What’s Your Resolve? How to Achieve Your Goals

Some of us don’t bother with either resolutions or goals. We go about our days and do what absolutely has to be done – sometimes at the last minute, sometimes too late – and leave the rest for later (or someone else).

Some of us set goals – like quitting smoking, joining a new exercise program or eating a healthier diet but just can’t get started. Sometimes we start off great but get sidelined by unexpected obstacles.

A few have been successful at meeting many of the goals they have set. The first two keys to their success are (1) motivation (They chose the right goals for themselves – what they cared about) and (2) planning (They achieved a number of incremental goals. You can’t get to the peak of the mountain in one giant leap. Each step will bring you closer, and each step closer increases your confidence and sense of achievement).

Next: The Keys to Success & Achieving Your Positive Potential

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About Davidicus Wong

I am a family physician. I write a weekly newspaper column, Healthwise for the Vancouver Courier, Burnaby Now, Royal City Record and Richmond News.
This entry was posted in Positive Change, Positive Potential, Your Goals and tagged , , , , , , . Bookmark the permalink.

3 Responses to What’s Your Resolve? How to Achieve Your Goals

  1. Great post on goal attainment. Here are several tips my family counseling parents have found helpful. Only pick one goal at a time and make it successful by achieving 50% of what you really want to achieve. Instead of 10 pounds weight loss in a month, start with five pounds. Establish a motivating accountability plan with rewards for two months. (Most people stick with a plan for only three weeks. Make the plan a habit by doing the plan for two months.) Make out a weekly plan with exercise times and check off the times when completed. Modify as needed for success. And keep checking off your success for two months. Successful goal attainment is one of life’s most satisfying experiences.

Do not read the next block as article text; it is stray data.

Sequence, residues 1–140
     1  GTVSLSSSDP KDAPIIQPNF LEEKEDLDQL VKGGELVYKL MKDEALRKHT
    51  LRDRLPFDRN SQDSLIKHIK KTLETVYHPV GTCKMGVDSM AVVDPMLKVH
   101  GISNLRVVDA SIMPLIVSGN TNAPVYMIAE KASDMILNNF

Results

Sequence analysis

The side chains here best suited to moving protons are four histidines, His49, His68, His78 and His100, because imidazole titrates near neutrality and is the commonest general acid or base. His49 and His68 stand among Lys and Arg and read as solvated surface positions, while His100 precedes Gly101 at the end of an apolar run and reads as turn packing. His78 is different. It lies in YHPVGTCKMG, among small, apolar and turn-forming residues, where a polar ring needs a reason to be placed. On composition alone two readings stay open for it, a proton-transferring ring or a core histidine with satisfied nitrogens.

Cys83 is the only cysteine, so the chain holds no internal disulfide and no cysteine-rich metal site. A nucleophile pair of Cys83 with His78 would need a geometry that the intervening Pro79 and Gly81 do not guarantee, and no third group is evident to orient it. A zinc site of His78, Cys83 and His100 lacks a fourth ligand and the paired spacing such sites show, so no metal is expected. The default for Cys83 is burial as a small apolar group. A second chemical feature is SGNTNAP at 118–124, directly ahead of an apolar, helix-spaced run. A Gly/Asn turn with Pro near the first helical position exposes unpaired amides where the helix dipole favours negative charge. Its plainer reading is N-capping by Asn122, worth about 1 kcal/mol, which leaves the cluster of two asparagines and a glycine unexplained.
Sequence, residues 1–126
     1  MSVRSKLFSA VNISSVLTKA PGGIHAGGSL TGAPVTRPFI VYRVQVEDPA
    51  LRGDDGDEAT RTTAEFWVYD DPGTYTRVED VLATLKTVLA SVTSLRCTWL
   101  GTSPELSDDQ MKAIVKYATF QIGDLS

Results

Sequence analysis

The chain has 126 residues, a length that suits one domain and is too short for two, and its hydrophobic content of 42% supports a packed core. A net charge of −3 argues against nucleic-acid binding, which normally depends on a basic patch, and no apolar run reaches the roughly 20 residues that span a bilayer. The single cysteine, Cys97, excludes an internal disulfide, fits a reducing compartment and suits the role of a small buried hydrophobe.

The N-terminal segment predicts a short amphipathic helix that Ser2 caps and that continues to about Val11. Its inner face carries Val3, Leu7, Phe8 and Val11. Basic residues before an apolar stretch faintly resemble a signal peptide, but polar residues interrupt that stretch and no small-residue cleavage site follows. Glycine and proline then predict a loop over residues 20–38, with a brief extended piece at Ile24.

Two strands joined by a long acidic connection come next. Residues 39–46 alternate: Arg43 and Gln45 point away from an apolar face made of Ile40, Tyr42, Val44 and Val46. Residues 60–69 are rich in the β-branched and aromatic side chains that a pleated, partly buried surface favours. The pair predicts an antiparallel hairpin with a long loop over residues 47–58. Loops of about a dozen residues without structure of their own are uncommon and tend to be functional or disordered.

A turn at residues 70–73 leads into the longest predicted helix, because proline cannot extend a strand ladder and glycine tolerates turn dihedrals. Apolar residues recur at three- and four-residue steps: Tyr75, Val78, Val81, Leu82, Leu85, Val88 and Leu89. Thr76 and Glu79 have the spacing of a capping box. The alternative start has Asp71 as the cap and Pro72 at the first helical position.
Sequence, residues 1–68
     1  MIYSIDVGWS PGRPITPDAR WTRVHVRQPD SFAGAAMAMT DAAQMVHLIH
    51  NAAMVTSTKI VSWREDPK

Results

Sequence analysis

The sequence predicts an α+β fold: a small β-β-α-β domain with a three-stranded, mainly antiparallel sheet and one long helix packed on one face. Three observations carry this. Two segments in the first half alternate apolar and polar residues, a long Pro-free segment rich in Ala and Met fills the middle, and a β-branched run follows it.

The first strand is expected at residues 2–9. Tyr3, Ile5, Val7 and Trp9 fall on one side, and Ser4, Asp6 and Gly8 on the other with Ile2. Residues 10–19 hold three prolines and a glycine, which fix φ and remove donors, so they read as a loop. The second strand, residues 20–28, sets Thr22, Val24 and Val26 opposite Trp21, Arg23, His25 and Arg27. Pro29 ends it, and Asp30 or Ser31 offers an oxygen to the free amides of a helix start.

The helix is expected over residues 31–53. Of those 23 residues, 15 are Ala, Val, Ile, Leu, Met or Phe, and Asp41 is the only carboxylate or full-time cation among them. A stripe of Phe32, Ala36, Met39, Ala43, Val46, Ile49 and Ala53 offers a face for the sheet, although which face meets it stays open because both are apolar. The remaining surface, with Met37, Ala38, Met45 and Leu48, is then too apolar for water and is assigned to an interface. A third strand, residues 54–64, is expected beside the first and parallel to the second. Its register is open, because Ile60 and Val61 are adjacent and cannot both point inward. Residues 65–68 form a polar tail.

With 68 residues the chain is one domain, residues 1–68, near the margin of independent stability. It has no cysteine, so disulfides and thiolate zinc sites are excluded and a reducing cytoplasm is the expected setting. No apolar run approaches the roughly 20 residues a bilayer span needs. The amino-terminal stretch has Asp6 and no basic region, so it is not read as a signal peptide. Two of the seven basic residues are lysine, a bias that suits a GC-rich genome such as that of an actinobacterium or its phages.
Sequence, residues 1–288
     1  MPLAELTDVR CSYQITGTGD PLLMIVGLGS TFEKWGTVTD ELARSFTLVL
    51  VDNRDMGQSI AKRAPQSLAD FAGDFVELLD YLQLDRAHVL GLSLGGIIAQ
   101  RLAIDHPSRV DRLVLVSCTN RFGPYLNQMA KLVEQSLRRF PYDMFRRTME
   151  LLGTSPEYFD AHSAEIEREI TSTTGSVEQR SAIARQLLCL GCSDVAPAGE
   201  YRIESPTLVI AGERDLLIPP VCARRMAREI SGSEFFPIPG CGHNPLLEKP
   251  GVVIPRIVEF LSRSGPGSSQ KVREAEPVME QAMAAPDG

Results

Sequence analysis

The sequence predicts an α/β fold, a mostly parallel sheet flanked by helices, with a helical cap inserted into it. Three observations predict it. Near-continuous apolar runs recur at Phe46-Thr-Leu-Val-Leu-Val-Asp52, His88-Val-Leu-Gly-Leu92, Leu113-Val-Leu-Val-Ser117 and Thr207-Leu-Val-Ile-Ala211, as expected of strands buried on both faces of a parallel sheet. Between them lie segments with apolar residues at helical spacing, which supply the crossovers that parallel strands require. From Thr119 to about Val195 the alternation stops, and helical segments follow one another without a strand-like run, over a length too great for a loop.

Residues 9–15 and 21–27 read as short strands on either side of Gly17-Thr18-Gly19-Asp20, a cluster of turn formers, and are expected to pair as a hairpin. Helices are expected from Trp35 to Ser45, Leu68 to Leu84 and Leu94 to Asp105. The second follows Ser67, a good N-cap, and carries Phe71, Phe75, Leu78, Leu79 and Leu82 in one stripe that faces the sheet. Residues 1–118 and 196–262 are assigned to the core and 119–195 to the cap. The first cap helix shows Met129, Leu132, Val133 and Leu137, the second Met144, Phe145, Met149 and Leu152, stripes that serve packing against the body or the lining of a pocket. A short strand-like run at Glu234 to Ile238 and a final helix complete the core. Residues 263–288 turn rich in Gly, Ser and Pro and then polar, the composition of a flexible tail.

• Great strategies, Gary! Thanks!

      • In all our relationships, most of us could do better at listening.
        And when we ourselves are stressed, we listen even less.

        Doctors can easily get onto a stressful treadmill and treat every patient while they themselves are in crisis mode. They then become more focused on problems and less on the patient’s and parent’s experiences and concerns.

        This doesn’t excuse a physician for being dismissive. It highlights the need for physicians to manage their stress levels and reactions in order to better attend to their patients’ needs.

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